“It’s a very high interest rate, usually way above prime, and there are limits to the amount that they will give based upon the winds of what’s going on in the country,” said Zagor. And be forewarned: When you apply for a loan guarantee, “The amount of paperwork is enormous.” Plus, it can take months to get approved. Nevertheless, it’s an option.
If you need a relatively small amount of money for working capital, perhaps to bridge the gap between what family or friends will loan you and the amount you need, or you need money to buy furniture or an expensive piece of equipment, consider microfinancing.
These loans usually max out at around $50,000 and are offered through nonprofit organizations such as Accion, LIFTFUND and Opportunity Fund (based in California) that aim to strengthen communities and local economies. The SBA also has a microloan program. The average SBA microloan is about $13,000.
The terms are relatively expensive, according to Zagor, but the lender may also provide guidance and training along with the loan. Another plus: Paying back the loan can help you establish business credit.
According to Zagor, this option, also known as seller financing, is becoming more popular. “It’s a way of getting into the business with very little capital up front.”
Here’s how it works: You buy an existing restaurant business and the owner takes back a debt. (He is, in other words, loaning you money.) You change the restaurant concept to make it your own.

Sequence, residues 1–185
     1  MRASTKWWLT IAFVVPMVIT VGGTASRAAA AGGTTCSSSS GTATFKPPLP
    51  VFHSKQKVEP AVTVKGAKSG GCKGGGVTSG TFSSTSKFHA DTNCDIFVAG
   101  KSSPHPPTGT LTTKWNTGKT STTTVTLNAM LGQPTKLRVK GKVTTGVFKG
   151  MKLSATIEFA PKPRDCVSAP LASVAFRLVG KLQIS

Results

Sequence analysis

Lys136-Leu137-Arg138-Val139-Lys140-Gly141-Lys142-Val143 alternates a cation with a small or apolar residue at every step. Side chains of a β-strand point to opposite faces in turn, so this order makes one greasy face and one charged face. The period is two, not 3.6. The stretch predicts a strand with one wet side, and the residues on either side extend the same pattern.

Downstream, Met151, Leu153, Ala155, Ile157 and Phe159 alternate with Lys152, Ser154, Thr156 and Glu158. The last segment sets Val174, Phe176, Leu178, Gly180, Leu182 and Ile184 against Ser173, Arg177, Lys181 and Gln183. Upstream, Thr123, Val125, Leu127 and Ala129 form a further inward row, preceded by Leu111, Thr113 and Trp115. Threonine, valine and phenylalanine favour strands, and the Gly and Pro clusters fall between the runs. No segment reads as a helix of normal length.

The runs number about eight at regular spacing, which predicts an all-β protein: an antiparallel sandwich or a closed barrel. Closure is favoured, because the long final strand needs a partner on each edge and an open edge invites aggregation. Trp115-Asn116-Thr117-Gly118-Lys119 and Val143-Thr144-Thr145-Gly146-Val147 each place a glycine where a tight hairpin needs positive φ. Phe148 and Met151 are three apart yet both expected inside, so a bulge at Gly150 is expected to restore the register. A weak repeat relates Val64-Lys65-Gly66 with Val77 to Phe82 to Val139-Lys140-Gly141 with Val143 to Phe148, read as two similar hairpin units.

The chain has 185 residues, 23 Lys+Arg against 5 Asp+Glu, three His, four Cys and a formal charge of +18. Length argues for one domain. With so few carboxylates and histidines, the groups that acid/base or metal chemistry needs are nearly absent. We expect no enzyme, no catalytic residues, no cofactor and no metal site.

“It’s structured so that at some point you’re paying off the debt out of profits so you eventually end up owning it,” said Zagor, who noted that a lot of waiters and waitresses start restaurants this way.
You’ll probably need a good credit score in addition to a persuasive business plan to seal the deal. If you can’t pay the debt in time, the owner gets the business back.
If you’re willing to pour significant time and effort into marketing your concept on a platform such as Kickstarter, you can raise money through a crowdfunding campaign. In rewards-based crowdfunding, backers receive perks (such as free food) and premiums in exchange for their contributions — and ideally become loyal customers.
In recent years crowdfunding platforms specifically for restaurants and other food businesses have cropped up. These platforms, such as PieShell, EquityEats and Foodstart, may charge a lower percentage of what you raise than mainstream platforms do. And of course, they appeal to people who want to support a food business.
Equity crowdfunding, in which individual investors receive equity in your business, is another option. Be prepared to pay thousands of dollars in legal, compliance, security and other fees if you go this route.
If a combination of money from your savings plus any money from friends and family gets you close but no cigar, or you need to top off what you’ve managed to borrow, you may decide to go the last few miles on credit. It’s not ideal, but again, it’s an option.
The amount of credit you’ll be able to access is likely modest. “Most of the time it’s not going to be enough unless you’re opening very small restaurant or food truck or you only need it to top off what you’ve already borrowed,” said Zagor. He advised trying every other avenue before using this approach.
“Rates are really high. You’re mixing personal credit with business credit. You only do it as one of those last resorts.”
If your itch to open a restaurant is strong enough and so is your concept, you’ll find a way to fund it. Just don’t go so far as to bet the house on it, warned Zagor. “You don’t want to lose everything you own for the dream.”